Bairlein F (1988) Herbstlicher Durchzug, Körpergewichte und Fettdeposition von Zugvögeln in einem Rastgebiet in Nordalgerien. Vogelwarte 34:237–248
Bairlein F (1992) Recent prospects on trans-Saharan migration of songbirds. Ibis 134:41–46
Bairlein F, Beck P, Feiler W, Querner U (1983) Autumn weights of some palaearctic passerine migrants in the Sahara. Ibis 125:404–407
Berthold P (2001) Bird migration. A general survey. Oxford University Press, Oxford
Bibby CJ, Green RE, Pepler GRM, Pepler PA (1976) Sedge Warbler migration and reed aphids. Br Birds 69:384–399
Biebach H (1995) Stopover of migrants flying across the Mediterranean Sea and the Sahara. Israel J Zool 41:387–392
Biebach H, Friedrich H, Heine G (1986) Interaction of bodymass, fat, foraging and stopover period in trans-Sahara migrating passerine birds. Oecologia 69:370–379
Biebach H, Friedrich H, Heine G, Jenni L, Jenni-Eiermann J, Schmidl H (1991) The daily pattern of autumn migration in the northern Sahara. Ibis 133:414–422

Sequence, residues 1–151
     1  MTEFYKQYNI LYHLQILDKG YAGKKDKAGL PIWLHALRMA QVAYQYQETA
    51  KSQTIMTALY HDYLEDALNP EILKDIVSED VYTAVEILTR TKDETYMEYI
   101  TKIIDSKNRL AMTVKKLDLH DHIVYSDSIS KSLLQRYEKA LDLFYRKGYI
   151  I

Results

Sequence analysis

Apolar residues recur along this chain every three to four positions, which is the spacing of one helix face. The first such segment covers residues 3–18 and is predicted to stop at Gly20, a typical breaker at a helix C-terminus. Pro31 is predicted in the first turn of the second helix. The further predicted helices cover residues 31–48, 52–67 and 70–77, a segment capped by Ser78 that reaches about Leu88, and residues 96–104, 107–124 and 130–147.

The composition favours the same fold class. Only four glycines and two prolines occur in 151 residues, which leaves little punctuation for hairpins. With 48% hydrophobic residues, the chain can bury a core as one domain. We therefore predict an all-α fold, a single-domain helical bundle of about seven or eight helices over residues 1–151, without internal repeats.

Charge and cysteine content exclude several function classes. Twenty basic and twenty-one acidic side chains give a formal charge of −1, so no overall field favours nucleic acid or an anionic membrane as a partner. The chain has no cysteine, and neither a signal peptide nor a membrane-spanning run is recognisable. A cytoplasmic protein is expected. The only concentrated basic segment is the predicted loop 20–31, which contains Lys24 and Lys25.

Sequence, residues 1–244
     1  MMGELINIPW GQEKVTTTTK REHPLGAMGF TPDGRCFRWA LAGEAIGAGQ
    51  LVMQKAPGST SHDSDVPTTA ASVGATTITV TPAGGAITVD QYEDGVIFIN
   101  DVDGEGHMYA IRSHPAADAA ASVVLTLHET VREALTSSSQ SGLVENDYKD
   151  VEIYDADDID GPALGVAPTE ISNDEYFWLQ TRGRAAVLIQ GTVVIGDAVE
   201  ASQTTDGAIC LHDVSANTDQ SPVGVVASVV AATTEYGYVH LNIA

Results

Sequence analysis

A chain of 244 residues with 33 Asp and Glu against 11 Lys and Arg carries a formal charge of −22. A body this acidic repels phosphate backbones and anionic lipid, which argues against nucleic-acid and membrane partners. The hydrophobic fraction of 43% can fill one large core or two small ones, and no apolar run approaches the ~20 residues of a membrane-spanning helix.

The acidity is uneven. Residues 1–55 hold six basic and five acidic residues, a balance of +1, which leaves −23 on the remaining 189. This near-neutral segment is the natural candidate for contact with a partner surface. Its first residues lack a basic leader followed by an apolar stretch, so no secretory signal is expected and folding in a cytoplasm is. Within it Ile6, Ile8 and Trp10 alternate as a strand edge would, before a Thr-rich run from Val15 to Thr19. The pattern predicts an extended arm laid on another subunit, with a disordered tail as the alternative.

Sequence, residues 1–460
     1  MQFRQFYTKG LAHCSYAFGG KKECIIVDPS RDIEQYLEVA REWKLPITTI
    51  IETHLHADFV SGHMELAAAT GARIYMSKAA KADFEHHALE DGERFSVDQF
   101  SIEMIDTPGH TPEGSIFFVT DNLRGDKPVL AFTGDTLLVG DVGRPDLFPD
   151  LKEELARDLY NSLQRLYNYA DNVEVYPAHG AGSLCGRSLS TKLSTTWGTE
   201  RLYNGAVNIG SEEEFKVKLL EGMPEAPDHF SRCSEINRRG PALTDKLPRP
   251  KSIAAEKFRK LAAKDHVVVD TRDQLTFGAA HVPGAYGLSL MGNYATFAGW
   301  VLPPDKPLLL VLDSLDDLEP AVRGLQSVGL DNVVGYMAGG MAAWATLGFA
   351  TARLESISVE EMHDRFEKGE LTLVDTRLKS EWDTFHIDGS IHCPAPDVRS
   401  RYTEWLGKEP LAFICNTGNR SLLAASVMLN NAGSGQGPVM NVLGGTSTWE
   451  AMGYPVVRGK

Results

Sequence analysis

Biebach H, Biebach I, Friedrich W, Heine G, Partecke J, Schmidl D (2000) Strategies of passerine migration across the Mediterranean Sea and the Sahara Desert: a radar study. Ibis 142:623–634
Bruderer B (1994) Nocturnal bird migration in the Negev (Israel)—a tracking radar study. Ostrich 65:204–212
Carmi N, Pinshow B, Porter WP, Jaeger J (1992) Water and energy limitations on flight duration in small migrating birds. Auk 109:268–276
Delingat J, Bairlein F, Hedenström A (2008) Obligatory barrier crossing and adaptive fuel management in migratory birds: the case of the Atlantic crossing in northern wheatears (Oenanthe oenanthe). Behav Ecol Sociobiol 62:1069–1078
Hilgerloh G, Wiltschko W (2000) Autumn fat load and flight range of passerine long-distance migrants in southwestern Spain and northwestern Morocco. Ardeola 2:259–263
Hussel DJT, Lambert AB (1980) New estimates of weight loss in birds during nocturnal migration. Auk 97:547–558
Jenni L, Jenni-Eiermann S (1998) Fuel supply and metabolic constraints in migrating birds. J Avian Biol 29:521–528
Kaiser A (1993) A new multi-category classification of subcutaneous fat deposits of songbirds. J Field Ornithol 64:246–255